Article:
Coast Lines Ltd v Hudig & Veder Chartering N.v (Brandaris, Grangefield)

JurisdictionEngland & Wales
CourtCourt of Appeal (Civil Division)
Judgment Date07 December 1971
Judgment citation (vLex)[1971] EWCA Civ J1207-1

[1971] EWCA Civ J1207-1

In The Supreme Court of Judicature

Court of Appeal

Appeal (by leave of Mr. Justice Roskill) by defendants from order of Mr. Justice Roskill made on 28th July, 1971.


The Master of The Rolls (Lord Denning),

Lord Justice Megaw and

Lord Justice Stephenson.

Coast Lines Limited
Plaintiffs Respondents
Hudig & Veder Chartering N. V.
Defendants Appellants

Mr. ANTHONY DIAMOND (instructed by Messrs. Holman, Fenwick & Willan) appeared on behalf of the Appellant Defendants.

Mr. R. J. H. COLLINSON and Mr. S. GAULT (instructed by Messrs. Alsop Stevens & Batesons) appeared on behalf of the Respondent Plaintiffs.


In December 1967, an English company, Coast Lines Ltd., who are the owners of the motor-vessel Grangefield, let her on a voyage charter to a Dutch company - Hudig and Veder Chatering N. V. Under the charter, the vessel was to proceed to Rotterdam and there load a cargo and carry it to Drogheda, a port in the Republic of Ireland. The cargo was loaded at Rotterdam, but the vessel ran into very bad weather conditions. When she arrived at Drogheda it was found that some 65 tons of water had been taken inboard. The cargo was badly damaged. The water had got in by a broken bilge pipe. The pipe was found to be extremely rusted, corroded and wasted. The vessel cannot have been in a seaworthy condition when she started on the voyage. The cargo owners claimed damages from the shipowners. The shipowners admitted liability to the cargo owners, but then the shipowners claimed to be indemnified by the charterers.


On 28th May, 1970, the shipowners - Coast Lines Limited - issued a writ against the charterers, Hudig and Veder Chartering N. V., indorsed as follows:

"The plaintiffs claim is for an indemnity under and/or damages for breach of a contract by charter party dated 13th December, 1967, whereby the defendants hired the plaintiffs' motor-vessel Grangefield in respect of the plaintiffs' liability under Bill of Lading signed in accordance therewith at the request of the defendants".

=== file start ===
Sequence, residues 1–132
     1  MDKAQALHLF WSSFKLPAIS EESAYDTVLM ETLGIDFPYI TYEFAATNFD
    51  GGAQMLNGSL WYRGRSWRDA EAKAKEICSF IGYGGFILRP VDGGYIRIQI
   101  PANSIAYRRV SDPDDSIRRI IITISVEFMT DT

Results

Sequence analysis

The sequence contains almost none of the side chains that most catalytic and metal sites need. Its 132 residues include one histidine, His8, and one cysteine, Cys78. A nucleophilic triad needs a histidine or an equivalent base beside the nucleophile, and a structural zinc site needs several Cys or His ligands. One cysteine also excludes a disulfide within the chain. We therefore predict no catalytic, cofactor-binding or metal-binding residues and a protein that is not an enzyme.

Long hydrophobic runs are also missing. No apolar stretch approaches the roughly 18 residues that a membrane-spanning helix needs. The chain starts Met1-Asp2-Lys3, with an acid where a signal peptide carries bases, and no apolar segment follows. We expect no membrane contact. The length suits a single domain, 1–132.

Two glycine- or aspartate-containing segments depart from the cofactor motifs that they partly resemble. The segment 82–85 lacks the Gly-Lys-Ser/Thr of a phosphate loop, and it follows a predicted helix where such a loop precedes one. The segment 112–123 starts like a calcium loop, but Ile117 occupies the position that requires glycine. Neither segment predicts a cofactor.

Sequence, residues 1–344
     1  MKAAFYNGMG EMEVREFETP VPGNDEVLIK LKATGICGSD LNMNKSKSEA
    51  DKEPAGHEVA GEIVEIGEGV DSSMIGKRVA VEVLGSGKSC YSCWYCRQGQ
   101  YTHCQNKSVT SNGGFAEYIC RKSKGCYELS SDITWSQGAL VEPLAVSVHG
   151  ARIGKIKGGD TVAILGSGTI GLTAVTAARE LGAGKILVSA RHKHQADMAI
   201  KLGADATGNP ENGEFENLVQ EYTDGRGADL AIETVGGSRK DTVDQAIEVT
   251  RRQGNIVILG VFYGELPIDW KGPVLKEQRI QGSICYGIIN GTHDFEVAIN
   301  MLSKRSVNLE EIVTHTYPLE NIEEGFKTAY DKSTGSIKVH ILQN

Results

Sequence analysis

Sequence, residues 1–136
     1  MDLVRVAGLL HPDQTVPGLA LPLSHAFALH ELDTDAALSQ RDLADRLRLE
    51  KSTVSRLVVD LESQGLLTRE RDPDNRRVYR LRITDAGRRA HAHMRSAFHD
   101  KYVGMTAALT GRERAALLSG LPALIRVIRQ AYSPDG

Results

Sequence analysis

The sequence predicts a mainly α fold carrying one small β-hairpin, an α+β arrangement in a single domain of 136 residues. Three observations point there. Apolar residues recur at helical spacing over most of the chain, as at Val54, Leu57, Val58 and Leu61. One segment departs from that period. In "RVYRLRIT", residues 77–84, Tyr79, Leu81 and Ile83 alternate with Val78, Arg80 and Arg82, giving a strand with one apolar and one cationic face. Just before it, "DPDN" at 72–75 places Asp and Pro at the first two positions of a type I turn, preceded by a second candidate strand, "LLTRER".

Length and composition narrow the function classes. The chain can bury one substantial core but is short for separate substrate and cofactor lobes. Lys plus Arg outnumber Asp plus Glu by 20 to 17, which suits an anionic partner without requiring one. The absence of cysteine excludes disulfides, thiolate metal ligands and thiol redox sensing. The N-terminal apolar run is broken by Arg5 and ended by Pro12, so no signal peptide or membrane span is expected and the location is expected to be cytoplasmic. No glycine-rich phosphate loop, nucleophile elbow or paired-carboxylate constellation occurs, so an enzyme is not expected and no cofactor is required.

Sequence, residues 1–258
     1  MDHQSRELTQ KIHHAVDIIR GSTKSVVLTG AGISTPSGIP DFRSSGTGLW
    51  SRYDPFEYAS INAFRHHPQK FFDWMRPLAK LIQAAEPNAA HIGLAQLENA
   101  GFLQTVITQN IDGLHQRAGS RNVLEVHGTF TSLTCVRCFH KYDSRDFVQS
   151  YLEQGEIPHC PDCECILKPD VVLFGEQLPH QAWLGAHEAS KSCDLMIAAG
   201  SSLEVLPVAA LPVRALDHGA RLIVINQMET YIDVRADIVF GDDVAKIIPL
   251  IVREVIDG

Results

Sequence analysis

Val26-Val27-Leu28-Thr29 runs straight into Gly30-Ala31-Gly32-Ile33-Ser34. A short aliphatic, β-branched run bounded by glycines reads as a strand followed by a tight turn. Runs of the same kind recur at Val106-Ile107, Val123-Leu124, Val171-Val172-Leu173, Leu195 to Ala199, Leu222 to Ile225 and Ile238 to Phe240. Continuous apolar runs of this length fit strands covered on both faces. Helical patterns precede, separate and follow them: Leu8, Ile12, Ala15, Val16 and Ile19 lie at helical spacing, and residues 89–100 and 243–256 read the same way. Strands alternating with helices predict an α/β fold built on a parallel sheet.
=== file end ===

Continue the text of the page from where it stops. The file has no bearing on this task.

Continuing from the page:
The plaintiffs applied ex parte to the Master for leave to serve the writ on the proposed defendants out of the jurisdiction. The Master gave leave. The defendants entered a conditional appearance and applied to set aside the service. Mr. Justice Roskill refused to set it aside. The defendants appeal to this Court.


    The Charterparty is dated "Rotterdam, 13th December, 1967". It was for carriage of cargo from Rotterdam in the Ntherlands to Drogheda in Ireland. The negotiations leading to the fixture of the "Grangefield" were conducted over the telephone and on the telex between Hudig and Veder in Rotterdam and J. F. Thomas Ltd. (brokers for the owners) in Cardiff. It is ucstomary in the Netherlands for the charterers' brokers to draw up and sign the charter-party. This charter-party was drawn up in Rotterdam and signed there on behalf of both parties by Hudig and Veder. Copies were subsequently sent to J. F. Thomas & Co. Ltd. The charter-party was made on the Gencon form. This is the form of charter-party which is the most widely used by all those in Rotterdam who are engaged in the European shipping trade. The Gencon form is used, irrespective of whether or not the charter-party has any connection with England or whether or not either party is English.

    The charterparty is dated "Rotterdam, 13th December, 1967". It was for carriage of cargo from Rotterdam in the Netherlands to Drogheda in Ireland. It contained an exemption for the shipowners in the terms usual in the Gencon form:

    "Owners are to be responsible for loss of or damage to the goods or for delay in delivery of the goods only in case when loss, damage or delay has been caused by the improper or negligent stowage of the goods (un Less stowage performed by shippers or their stevedores or servant or by personal want of due diligence on the part of the owners or their manager to make the vessel in all respects seaworthy and to secure that she is properly manned, equipped and supplied or by the personal act or default of the owners or their manager.

    "And the owners are responsible for no loss or damage or delay arising from any other cause whatsoever, even for the neglect or default of the captain or crew or some other person employed by the owners on board or ashore for Whose acts they would, but for this clause, be responsible,-or for unseaworthiness of the vessel on loading or commencement of the voyage or at any time whatever."

    "The captain to sign bills of lading at such rate of freight as present ed without prejudice to the charterparty".

    It is apparent from that clause that the shipowners were relieved - so far as the charterers were concerned – of any liability for the damage done to these goods: for, although the damage was due to the vessel being unseaworthy, nevertheless this was no fault of the owners or manager personally. It was quite permissible in English law for the shipowners to stipulate in the charterparty for that exemption: because the Carriage of Goods by Sea Act does not apply to charterparties.